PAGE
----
I chose 14 gauge copper in an organic oval shape. My kiln is small so it took effort to get it to fit inside during the firing process. I kept the enamel transparent, representing all the colors of nature on the surface, keeping in mind a bright, sunny day. I added fine silver foil paillons for more brilliancy. The last step was to put the opaque swirls on the surface.
I loved it, but how to display? For several days I experimented with ideas for hanging. The traditional ways of mounting in a frame, on wood or on fabric took the eye away from the beauty of the piece. Because the piece is an irregular shape it didn't seem right to put it on a static format. Hanging it "as is" with no mount didn't show its grand qualities. I decided to cut a form out of thin copper to accentuate and enhance the shape of the piece. This form would act as frame. Originally, I was going to leave the bare copper but I found drat the copper color distracted from the central image. I had no choice but to enamel the mount as well.
Now, the real challenge. I had stretched the very limits of my equipment by doing such a large piece. I would have to torch-fire the mount, since it was even larger. I had done a small amount of torch-firing when I was working with my teacher and friend Jeanne Garrison in Florida, so I thought I could pull this off. I don't own a torch but finding one was not too big a problem. A friend's husband who used a torch in his plumbing shop agreed to work with me. Since I was working on a deadline, I needed to push forward. It was unusually cold the day we chose to do the firing. I didn't know until I arrived that we would be working outside. I didn't know enough to let that worry me .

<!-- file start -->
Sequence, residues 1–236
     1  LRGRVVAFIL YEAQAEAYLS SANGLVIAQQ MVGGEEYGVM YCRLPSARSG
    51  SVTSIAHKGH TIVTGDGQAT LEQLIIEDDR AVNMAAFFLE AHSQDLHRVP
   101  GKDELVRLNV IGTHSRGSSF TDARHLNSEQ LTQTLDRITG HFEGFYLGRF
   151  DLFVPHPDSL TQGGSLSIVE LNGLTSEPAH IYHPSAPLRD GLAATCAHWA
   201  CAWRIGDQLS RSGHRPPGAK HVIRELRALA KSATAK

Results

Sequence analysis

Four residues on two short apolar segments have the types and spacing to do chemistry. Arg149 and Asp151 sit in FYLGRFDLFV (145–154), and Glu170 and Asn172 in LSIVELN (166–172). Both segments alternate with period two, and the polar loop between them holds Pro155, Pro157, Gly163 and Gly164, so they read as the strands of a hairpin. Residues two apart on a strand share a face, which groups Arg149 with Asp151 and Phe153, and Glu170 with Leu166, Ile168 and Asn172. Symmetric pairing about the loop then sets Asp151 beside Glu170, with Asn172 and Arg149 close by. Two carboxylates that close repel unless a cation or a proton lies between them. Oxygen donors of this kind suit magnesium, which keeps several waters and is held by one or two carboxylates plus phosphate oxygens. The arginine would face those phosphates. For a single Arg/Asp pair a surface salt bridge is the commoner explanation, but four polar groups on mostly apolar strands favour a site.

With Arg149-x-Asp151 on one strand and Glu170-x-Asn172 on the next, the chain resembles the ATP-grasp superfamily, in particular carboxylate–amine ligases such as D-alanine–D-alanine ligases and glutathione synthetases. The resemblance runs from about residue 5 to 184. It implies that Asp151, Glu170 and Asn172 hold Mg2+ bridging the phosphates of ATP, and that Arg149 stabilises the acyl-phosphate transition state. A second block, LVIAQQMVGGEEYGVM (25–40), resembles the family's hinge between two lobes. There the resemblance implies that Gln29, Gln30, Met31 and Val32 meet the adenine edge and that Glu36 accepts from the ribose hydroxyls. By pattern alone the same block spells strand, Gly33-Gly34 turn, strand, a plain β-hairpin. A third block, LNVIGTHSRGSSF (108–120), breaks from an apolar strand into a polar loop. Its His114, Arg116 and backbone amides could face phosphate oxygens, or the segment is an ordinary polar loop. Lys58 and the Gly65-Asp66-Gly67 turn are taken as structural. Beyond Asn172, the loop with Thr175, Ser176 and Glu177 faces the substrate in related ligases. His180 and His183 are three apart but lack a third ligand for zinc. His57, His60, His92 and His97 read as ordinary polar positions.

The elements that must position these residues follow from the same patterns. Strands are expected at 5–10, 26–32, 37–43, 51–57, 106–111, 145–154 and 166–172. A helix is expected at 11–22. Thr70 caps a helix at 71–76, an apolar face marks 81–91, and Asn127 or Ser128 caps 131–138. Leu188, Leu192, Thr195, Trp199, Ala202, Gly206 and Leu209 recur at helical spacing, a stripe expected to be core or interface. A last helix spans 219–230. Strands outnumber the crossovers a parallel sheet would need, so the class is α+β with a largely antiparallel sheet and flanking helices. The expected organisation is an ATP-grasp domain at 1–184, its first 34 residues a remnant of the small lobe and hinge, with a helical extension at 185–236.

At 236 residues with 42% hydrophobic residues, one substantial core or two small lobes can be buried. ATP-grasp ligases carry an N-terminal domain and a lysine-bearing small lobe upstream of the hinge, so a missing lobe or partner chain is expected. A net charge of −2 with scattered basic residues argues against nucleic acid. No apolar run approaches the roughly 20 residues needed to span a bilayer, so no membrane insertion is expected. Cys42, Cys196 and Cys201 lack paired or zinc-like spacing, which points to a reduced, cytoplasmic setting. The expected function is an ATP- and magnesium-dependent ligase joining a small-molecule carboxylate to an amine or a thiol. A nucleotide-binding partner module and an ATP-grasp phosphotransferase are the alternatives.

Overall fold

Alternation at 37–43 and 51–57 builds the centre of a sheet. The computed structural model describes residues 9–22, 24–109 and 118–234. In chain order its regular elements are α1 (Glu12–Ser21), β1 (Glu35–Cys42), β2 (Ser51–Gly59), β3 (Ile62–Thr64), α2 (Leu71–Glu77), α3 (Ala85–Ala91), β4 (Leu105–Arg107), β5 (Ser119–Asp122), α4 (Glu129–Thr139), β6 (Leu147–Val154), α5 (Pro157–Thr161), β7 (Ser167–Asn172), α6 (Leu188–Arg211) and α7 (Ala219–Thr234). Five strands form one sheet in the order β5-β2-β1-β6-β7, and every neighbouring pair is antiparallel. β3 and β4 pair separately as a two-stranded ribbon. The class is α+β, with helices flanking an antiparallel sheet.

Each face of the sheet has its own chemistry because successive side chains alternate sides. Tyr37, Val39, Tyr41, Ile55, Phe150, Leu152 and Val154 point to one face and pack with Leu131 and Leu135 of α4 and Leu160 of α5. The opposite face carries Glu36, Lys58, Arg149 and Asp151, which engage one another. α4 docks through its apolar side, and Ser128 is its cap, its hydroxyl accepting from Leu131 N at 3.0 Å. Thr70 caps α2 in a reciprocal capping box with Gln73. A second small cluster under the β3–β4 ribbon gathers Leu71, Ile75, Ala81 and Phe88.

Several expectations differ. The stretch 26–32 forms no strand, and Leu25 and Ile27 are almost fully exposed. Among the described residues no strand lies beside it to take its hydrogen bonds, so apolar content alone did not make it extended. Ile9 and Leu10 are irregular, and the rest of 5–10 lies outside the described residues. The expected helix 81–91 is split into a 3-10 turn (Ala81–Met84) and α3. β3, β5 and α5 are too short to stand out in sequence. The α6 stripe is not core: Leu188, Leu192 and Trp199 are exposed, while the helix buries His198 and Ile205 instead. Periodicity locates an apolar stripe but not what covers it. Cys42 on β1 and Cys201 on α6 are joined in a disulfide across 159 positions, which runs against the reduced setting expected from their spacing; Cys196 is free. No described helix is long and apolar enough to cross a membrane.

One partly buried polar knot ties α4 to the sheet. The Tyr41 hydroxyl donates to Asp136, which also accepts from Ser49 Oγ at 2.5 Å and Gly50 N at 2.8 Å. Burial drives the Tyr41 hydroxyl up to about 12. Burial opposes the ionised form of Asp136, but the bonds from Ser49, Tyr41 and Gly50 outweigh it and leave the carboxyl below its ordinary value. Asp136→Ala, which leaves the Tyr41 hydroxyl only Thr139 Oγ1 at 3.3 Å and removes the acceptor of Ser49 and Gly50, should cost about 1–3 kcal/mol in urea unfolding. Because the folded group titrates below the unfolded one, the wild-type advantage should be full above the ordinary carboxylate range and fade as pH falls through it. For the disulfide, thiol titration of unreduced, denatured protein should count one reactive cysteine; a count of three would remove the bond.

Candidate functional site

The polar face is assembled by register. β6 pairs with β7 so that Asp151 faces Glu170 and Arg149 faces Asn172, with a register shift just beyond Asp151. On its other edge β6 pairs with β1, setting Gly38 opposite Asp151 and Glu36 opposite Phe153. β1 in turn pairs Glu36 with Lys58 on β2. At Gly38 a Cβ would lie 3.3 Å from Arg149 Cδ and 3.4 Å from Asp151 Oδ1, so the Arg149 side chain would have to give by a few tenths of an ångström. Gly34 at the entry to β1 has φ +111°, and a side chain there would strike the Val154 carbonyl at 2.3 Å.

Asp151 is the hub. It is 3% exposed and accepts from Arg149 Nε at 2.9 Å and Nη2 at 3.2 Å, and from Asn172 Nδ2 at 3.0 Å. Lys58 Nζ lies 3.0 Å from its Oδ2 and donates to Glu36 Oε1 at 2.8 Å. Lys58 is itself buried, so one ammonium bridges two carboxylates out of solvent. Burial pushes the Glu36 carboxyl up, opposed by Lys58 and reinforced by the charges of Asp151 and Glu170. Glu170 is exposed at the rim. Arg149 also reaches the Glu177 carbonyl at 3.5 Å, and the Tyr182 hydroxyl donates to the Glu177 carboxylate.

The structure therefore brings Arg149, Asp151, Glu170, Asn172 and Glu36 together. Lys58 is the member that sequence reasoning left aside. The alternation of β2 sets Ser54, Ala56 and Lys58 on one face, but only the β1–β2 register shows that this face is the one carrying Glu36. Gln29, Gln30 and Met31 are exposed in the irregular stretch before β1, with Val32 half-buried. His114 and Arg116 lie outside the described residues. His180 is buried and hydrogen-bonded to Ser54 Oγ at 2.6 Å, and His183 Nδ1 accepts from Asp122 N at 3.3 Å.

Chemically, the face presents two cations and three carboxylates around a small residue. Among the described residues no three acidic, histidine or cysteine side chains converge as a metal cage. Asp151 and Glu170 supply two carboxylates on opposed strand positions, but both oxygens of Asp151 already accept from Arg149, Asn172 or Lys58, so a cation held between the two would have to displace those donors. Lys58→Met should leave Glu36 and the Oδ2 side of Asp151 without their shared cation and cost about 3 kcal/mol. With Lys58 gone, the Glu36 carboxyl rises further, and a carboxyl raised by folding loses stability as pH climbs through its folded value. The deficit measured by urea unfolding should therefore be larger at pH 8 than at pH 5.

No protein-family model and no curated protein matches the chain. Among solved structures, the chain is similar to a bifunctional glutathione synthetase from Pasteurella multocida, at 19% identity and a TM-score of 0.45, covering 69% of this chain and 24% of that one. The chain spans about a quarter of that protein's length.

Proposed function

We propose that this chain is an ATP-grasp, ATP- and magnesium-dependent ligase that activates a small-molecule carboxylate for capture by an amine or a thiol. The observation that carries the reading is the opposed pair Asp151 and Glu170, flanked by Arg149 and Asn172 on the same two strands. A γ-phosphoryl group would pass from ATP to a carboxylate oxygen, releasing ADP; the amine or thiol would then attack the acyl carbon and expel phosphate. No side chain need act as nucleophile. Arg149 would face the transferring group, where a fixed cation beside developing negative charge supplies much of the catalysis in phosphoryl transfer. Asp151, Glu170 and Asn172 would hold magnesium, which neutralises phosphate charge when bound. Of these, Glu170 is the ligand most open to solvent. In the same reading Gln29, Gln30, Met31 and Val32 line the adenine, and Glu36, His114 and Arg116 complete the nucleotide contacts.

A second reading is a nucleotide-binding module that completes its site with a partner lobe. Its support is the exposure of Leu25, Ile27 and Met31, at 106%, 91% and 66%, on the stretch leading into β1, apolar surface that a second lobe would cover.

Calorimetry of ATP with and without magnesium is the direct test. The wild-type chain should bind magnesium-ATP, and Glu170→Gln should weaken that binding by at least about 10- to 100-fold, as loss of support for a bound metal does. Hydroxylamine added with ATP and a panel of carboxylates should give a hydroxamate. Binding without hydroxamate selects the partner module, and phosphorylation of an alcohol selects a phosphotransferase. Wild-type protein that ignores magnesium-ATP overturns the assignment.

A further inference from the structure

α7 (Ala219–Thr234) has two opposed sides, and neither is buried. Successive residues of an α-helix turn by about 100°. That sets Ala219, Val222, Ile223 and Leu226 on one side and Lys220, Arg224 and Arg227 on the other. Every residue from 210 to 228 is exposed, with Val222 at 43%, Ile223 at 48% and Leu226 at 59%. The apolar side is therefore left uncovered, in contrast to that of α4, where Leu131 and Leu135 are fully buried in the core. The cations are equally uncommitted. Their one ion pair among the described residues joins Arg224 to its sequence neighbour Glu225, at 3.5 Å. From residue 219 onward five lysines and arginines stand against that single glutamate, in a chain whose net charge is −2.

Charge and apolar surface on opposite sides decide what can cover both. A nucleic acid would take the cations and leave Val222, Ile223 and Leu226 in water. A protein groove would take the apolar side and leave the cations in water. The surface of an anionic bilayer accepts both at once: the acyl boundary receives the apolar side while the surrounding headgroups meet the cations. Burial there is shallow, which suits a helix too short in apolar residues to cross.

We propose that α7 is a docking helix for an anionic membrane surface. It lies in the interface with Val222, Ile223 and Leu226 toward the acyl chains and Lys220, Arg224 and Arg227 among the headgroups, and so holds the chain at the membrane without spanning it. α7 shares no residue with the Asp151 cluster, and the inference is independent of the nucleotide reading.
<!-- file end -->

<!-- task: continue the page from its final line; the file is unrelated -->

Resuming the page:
We started work after getting everything set up. I talked about how watching the enamel melting was like magic. But the enamel wasn't melting. It would start to fuse and then stop when the torch was moved. The metal was so thin that I couldn't hold the torch in one spot too long. Finally I said to my friend that this was taking forever. His comment was that the environment was working against us. The thin copper combined with the cold temperature wasn't allowing the copper to build up heat. In the end we had to use the oxy-acetylene underneath and a Mapp gas torch on top. We followed each other around with the flame, melting one spot at a time. I do not recommend torch-firing in below freezing temperature. What should have taken I5 minutes ended up taking one and a half hours.
Although I would have preferred the mount to be "perfect," most of it would not be seen, so I made sure the points were to my liking and accepted the rest of what I got. I was grateful for the help from my friends, without whom I could not have finished my project.
Back in the studio I attached the enamel to the mount. The tide came to mind at the same time. In keeping with the feel of the show I would call it "Conjuring Up a Perfect Day." Finished size is 10 x 13 inches. I photographed the piece and sent the images to the Festival Committee for approval. To my delight, it was what they had hoped to receive from me - an abstract piece that spoke to the day.
On January 28, 2010, "Conjuring Up a Perfect Day" was presented to the public at the Awards Ceremony. As I write this, the poster and promotional materials are being prepared, using my enamel on copper as the central image.